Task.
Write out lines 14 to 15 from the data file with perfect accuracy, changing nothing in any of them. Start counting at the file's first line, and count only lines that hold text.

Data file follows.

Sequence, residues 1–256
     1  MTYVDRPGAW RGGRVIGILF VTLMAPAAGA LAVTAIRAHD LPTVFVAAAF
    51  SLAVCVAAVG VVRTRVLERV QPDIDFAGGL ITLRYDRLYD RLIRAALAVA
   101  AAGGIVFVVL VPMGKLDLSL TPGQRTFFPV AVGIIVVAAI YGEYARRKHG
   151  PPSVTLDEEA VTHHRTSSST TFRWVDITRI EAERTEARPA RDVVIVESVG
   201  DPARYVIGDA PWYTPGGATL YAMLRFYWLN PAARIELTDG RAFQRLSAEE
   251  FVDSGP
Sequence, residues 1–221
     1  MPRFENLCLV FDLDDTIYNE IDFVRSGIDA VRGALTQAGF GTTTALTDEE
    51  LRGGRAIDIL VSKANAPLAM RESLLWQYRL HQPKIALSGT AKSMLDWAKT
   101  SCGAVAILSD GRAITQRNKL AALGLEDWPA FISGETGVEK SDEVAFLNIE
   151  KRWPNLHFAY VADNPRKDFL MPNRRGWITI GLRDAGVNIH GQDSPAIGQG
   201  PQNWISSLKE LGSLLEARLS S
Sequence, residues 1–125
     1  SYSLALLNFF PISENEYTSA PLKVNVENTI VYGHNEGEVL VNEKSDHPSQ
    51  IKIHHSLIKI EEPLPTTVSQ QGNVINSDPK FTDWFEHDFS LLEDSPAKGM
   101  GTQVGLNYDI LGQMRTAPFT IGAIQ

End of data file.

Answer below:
Sequence, residues 1–125
     1  SYSLALLNFF PISENEYTSA PLKVNVENTI VYGHNEGEVL VNEKSDHPSQ